Designer (Central Pattern 134)
Outlier Personality Types

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Introduction:

The Outlier family is associated with patterns that lay outside the national norm. This means everyone in the Outlier family will see less of themselves in those around them simply because you don’t see these styles as often as you see the 15 styles associated with the 4 families.

Strengths:

The Researcher pattern requires an insightful atmosphere and their approach is investigative. They are very difficult to read and will work hard to build data and human systems. They are left brain integrated, combining analytical thought with intuitive experience while supplying ingenuity to problems and challenges. They use contention more than consensus and will take the lead in advocating major positions. They are introverted styles and will possess exceptional precision in thought and language; display strong will; show reluctance for spontaneous physical contact; become impatient with those who become emotional.

Central Pattern 134:

The Designer fears being disrupted, is preoccupied with making distinctions, and is driven by the need to be precise. They are moderate people who will appear frustrated and very hard to read as they do not connect their feelings with their countenance. They are fact-finders and are unwilling to goof around with playful types. They are highly suspicious of others as a rule and will see others as an intrusion as opposed to an asset.

Weaknesses:

The Designer will be impatient with those who dilly-dally. They prefer to ignore uncooperative people; excluding them from important considerations and will give cursory attention only to the exact role they could assume in the project. They minimize personal contacts with others; avoid developing deep ties with people, fearing loss of time and prefer to work quietly and alone.

Romantic Relationships:

The Designer desires a serious relationship with no head-games. They are looking for mutual respect; appearing willing and compliant to a loved one and are relatively easy to live with. They are far less emotional and will hold inside difficult conversations until they cannot any longer. They will choose to side step touchy-feely situations. They can be matter of fact and blunt when upset. They will live and act as if their brain is in constant transition; looking frustrated with simple things.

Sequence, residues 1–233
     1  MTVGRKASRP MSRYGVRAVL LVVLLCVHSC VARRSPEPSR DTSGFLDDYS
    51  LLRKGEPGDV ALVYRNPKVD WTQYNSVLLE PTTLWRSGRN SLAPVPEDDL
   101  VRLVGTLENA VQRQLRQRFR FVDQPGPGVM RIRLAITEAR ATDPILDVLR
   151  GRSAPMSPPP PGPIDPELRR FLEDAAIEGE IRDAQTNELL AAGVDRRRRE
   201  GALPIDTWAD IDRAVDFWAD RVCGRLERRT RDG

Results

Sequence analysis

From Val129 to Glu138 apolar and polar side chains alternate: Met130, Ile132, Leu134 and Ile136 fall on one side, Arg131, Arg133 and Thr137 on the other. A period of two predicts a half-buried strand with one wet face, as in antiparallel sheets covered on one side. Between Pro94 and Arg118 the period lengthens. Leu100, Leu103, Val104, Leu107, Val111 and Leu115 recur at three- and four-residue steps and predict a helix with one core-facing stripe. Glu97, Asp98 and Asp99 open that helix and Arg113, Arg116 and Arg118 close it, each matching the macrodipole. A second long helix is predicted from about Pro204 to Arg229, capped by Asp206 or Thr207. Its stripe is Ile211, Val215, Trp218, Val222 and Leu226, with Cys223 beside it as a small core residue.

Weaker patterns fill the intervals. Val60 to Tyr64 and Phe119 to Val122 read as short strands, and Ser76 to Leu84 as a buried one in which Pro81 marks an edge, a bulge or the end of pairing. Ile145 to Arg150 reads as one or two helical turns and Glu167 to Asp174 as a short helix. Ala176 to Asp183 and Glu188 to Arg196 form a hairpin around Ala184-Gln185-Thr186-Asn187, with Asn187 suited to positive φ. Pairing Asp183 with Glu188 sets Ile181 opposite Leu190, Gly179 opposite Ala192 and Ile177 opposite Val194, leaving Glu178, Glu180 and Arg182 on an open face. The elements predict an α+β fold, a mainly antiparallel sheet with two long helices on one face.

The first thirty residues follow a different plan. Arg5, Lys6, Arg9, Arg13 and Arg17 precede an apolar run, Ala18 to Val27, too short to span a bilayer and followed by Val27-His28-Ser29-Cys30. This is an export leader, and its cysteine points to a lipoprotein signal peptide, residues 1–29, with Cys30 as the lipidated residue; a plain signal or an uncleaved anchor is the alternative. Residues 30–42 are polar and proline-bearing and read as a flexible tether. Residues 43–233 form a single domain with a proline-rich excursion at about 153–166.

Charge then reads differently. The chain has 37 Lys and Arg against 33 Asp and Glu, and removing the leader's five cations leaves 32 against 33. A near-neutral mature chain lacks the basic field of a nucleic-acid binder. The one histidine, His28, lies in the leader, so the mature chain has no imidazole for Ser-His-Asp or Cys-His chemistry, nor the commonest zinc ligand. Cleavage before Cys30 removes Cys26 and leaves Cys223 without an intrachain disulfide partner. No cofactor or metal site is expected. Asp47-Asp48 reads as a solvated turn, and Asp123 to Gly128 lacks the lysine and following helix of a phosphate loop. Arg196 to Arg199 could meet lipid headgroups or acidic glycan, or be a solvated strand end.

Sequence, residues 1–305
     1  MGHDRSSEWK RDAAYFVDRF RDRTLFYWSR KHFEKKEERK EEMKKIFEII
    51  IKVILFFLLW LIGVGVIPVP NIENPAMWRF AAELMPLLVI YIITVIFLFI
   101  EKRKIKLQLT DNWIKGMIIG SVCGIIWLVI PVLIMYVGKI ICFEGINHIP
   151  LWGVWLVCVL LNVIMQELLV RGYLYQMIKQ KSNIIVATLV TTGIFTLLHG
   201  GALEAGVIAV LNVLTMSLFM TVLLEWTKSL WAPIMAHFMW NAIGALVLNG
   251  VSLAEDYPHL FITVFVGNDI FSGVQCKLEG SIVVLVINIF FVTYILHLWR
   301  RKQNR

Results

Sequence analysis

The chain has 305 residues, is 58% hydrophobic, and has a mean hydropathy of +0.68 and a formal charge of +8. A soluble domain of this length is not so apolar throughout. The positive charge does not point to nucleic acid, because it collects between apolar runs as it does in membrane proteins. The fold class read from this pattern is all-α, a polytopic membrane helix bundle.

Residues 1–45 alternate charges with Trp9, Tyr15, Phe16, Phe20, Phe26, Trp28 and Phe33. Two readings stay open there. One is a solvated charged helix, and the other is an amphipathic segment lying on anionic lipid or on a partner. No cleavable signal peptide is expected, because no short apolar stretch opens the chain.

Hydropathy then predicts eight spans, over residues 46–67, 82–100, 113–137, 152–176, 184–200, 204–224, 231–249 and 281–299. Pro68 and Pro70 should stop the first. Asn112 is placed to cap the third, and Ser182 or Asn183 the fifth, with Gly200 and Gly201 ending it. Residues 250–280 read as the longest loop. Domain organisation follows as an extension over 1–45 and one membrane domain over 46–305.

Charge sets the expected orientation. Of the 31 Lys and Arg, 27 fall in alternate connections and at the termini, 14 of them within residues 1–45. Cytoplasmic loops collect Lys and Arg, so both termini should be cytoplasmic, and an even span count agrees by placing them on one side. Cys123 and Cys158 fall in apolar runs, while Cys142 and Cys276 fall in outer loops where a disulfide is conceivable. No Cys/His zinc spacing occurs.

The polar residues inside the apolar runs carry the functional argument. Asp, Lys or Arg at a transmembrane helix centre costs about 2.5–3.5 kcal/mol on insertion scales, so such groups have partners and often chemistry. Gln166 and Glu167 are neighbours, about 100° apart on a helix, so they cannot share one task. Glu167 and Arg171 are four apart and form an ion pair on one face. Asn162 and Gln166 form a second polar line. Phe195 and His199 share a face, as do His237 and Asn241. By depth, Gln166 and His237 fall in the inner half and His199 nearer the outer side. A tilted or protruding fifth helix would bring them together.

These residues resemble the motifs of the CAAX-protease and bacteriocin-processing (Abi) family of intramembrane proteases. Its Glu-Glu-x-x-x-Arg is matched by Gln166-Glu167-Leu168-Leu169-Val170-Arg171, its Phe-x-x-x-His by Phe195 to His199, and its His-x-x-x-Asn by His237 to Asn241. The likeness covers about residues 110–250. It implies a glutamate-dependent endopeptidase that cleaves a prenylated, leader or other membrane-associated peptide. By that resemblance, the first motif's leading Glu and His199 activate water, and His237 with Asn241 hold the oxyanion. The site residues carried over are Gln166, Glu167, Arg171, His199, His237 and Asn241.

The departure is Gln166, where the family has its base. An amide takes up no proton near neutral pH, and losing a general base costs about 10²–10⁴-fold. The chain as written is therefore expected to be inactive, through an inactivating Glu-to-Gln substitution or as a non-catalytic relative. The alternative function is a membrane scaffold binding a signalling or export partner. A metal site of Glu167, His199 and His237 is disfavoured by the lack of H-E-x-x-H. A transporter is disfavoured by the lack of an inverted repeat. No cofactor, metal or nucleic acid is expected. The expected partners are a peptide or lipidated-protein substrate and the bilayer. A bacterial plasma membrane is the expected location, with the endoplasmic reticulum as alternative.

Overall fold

Friendships:

The Designer seeks friendships that are uncomplicated. They are introverted and will resent the use of valuable time that is needed in social activities. They will depend upon others to manage their social life and tend to be highly misunderstood by casual listeners. They will project sharply defined interests and will turn some people off by their frank demeanor. They will be quick to identify distinctions and inconsistencies in the conclusions of others and use others’ shortcomings as a reason to avoid personal involvement with their activities.

Parenthood:

The Designer desires an organized environment; willing to assist in efforts to make the home attractive and functional; they enjoy children and are serious about their upbringing; appear calm and low-key when disciplining children. They may be somewhat uninvolved in fruitless activity being content to stand by and watch. They like to read and be separate for periods of time.

Career Paths:

The Designer seeks to understand complex problems; appear impatient with routine details once the project gets underway; become more cooperative when given an efficient support staff; use intuition rather than pure logic to increase their understanding. They prefer engineering, systems development, medical science, and conceptual consultation.

Workplace Habits:

The Designer habits include wanting guarantees of minimal interference, insisting on proving “hunches” with supporting data, invent methods, and prefer to leave building and production processes to others.

Conclusion:

The Designer can be difficult to work with overall. They are intolerant of others who are over-emotional or bluff their way through life. They deal with people in blunt ways seeing them as more an object than a person. They make choices based on thinking and less on feeling. They implement solutions, seldom counting the cost of personal wellbeing in terms of time and energy.